Ukiyo-e Prints


Port Townsend, Washington







Play: Unidentified


Segawa Rokō IV (1782-1812) - standing




Bandō Mitsugorō III (1773-1831) - seated



Date: 1811  

Signature: Toyokuni ga

 署名: 国芳画

 しょめい: とよくにが

Publisher: Sumimaru-ya Jinsuke



 Print Size: 13 7/8" x 9 1/4"

 Mat Size: 20" x 16"

 Condition: Soiling, fading, some abrasions, remnants of old hinges seen on the top left and right corners

and four small worm holes in the lower left quadrant. Professionally matted and hinged to museum standards.






Our correspondent E was of great assistance in providing information about this print --- especially in the dating and the name of the publisher. E also saved us the time of working out the names of the actors. Also, only two names are identified on the print, but what about the baby the actor seated on the ground is holding? Is it a prop, a doll or one of those cases of an actor's stage debut?








The history of civilization is the history of its monuments. Many ancient cultures have devoted enormous energies to memorializing their deeds, their gods and their dead. The mysteries of life were followed by the mysteries of death and the two states of 'existence' were inextricably linked. From the Cahokia Mounds near East St. Louis, Illinois to the Valley of the Kings in Egypt to the Taj Mahal diverse and disconnected cultures chose to concentrate many of their best resources on this 'cult of death'. In Japan millions of  pilgrims have visited the tomb of Tokugawa Ieyasu in Nikko. But a thousand years  before the dedication of Ieyasu's shrine the Japanese were building the elaborate  key-shaped tombs of the Kofun period. Undoubtedly this was already an ancient tradition by then.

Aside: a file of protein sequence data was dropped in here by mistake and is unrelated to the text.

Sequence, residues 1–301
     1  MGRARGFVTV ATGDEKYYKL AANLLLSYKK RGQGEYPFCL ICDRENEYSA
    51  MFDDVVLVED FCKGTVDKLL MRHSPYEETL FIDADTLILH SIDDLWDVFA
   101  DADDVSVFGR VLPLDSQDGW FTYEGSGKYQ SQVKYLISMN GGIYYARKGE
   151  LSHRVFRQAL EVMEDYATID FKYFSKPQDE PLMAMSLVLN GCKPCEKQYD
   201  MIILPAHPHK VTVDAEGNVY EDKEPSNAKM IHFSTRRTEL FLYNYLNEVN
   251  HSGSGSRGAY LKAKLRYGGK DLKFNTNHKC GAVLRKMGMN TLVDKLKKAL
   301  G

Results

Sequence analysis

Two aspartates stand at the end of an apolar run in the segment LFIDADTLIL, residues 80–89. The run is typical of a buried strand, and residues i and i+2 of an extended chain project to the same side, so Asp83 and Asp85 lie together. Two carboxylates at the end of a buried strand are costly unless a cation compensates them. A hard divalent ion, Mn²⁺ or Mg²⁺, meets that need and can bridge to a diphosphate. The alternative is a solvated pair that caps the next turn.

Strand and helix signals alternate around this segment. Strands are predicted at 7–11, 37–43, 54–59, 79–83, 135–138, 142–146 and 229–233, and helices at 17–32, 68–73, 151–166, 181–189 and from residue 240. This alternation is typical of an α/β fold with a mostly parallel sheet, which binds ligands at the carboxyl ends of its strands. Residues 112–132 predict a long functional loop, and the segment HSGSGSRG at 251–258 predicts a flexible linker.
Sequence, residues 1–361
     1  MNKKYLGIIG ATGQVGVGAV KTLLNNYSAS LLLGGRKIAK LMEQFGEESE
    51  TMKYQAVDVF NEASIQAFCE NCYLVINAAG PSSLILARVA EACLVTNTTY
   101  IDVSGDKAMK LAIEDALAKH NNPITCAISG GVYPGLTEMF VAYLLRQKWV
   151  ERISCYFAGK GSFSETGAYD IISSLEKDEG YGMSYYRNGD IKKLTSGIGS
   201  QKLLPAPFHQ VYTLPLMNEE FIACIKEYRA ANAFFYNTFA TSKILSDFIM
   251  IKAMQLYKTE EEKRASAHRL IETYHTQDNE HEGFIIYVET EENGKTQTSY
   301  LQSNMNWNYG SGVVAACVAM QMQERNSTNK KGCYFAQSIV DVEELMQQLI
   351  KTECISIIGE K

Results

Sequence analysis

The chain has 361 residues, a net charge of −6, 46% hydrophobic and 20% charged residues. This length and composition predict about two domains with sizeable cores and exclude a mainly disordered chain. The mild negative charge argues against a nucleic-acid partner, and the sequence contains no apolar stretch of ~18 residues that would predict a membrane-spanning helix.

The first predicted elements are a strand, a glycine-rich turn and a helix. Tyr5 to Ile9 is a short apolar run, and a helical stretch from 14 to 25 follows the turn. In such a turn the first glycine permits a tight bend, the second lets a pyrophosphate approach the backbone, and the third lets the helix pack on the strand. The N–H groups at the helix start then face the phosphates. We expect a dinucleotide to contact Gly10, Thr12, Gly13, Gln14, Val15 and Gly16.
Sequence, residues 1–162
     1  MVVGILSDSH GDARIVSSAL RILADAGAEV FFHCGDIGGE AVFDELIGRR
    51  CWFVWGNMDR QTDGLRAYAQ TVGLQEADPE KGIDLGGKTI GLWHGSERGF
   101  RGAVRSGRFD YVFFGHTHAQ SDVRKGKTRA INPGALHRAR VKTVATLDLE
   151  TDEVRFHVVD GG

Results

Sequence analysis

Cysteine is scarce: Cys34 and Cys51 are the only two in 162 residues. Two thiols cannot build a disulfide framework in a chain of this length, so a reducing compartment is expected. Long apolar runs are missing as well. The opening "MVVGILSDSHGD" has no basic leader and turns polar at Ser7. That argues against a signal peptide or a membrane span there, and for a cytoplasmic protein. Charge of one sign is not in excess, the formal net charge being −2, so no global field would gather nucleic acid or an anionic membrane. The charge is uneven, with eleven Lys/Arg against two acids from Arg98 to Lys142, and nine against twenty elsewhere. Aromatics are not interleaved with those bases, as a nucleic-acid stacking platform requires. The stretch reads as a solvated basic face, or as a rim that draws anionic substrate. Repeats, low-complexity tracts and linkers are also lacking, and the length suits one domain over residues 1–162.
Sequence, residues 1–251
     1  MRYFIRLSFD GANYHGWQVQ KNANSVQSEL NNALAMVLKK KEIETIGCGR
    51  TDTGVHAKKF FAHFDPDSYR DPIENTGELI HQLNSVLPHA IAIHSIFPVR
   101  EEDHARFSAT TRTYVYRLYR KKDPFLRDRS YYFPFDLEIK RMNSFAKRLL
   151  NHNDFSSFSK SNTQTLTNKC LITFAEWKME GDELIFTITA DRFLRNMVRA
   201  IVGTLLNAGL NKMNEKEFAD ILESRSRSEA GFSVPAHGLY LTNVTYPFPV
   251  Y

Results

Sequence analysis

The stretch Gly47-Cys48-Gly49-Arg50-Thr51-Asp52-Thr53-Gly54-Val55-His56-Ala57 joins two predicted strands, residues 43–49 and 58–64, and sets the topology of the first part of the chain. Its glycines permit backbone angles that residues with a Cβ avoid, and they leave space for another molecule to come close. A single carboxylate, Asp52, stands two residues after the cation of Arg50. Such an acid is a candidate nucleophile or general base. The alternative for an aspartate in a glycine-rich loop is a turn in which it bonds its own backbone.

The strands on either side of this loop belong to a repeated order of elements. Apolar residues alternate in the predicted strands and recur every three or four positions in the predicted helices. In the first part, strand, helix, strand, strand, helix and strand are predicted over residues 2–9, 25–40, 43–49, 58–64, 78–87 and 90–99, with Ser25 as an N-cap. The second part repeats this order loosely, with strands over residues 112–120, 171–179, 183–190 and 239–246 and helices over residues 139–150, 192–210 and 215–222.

Detail of an Egyptian pyramid from a print done by Seishu Asahi in 1933


Detail of Hiroshi Yoshida's Taj Mahal at Night from 1932


And yet grandeur is the exception to the rule. Most of humanity has had to settle for far more modest displays. Everything from unmarked graves to garish sepulchers and mausolea dot our cemeteries. Moreover,  these are generally regarded as displays of personal wealth or a lack thereof. They become clear reflections of the reality of what existed in the temporal world and its transition to the other side.


Between the pauper and the Pooh Bah we find everything else. There are the lucky few who touch so many lives in so many positive ways that conscriptions are raised to erect everything from a simple stone slab to an iconic cenotaph like the Washington Monument. I once climbed all the way to the top of that structure and was struck by the carved inscriptions on so many of the  stones on the way up. On the ninety foot landing was one paid for by the Grand Division of the Connecticut Sons of Temperance. On the two hundred twenty foot level is a 'Japanese Memorial' stone. And I saw many more like that.


Now to my point: Japan is dotted everywhere with dedicatory stones. I am sure there are thousands of them. One was erected in 1828 on the grounds of the Myōkendō in Edo in honor of Toyokuni I. The artist was buried elsewhere, but a number of his students in consultation with his son-in-law, Toyokuni II, decided to honor their teacher with a memorial stone. This was paid for by the students with the help of booksellers and fan dealers as can be seen from the inscription on the backside. Beneath this stone are buried several hundred drawings which were still in the artist's studio at the time of his death.


Many other Japanese artists have been so honored.

Above is an old photograph of Toyokuni I's memorial stone.

It can be seen in the background with the irregular upper left side.

A closer view can be seen in this photograph

where the carved inscription is clearly obvious.

Above is a detail of the inscription.

We have heightened the contrast from the

original photograph in an effort to make it more readable.


I especially want to thank our correspondent E. for his assistance in locating the information and imagery dealing with Toyokuni's memorial plaque. I also want to point out that he is no way responsible for the way that I used it. Thanks E!



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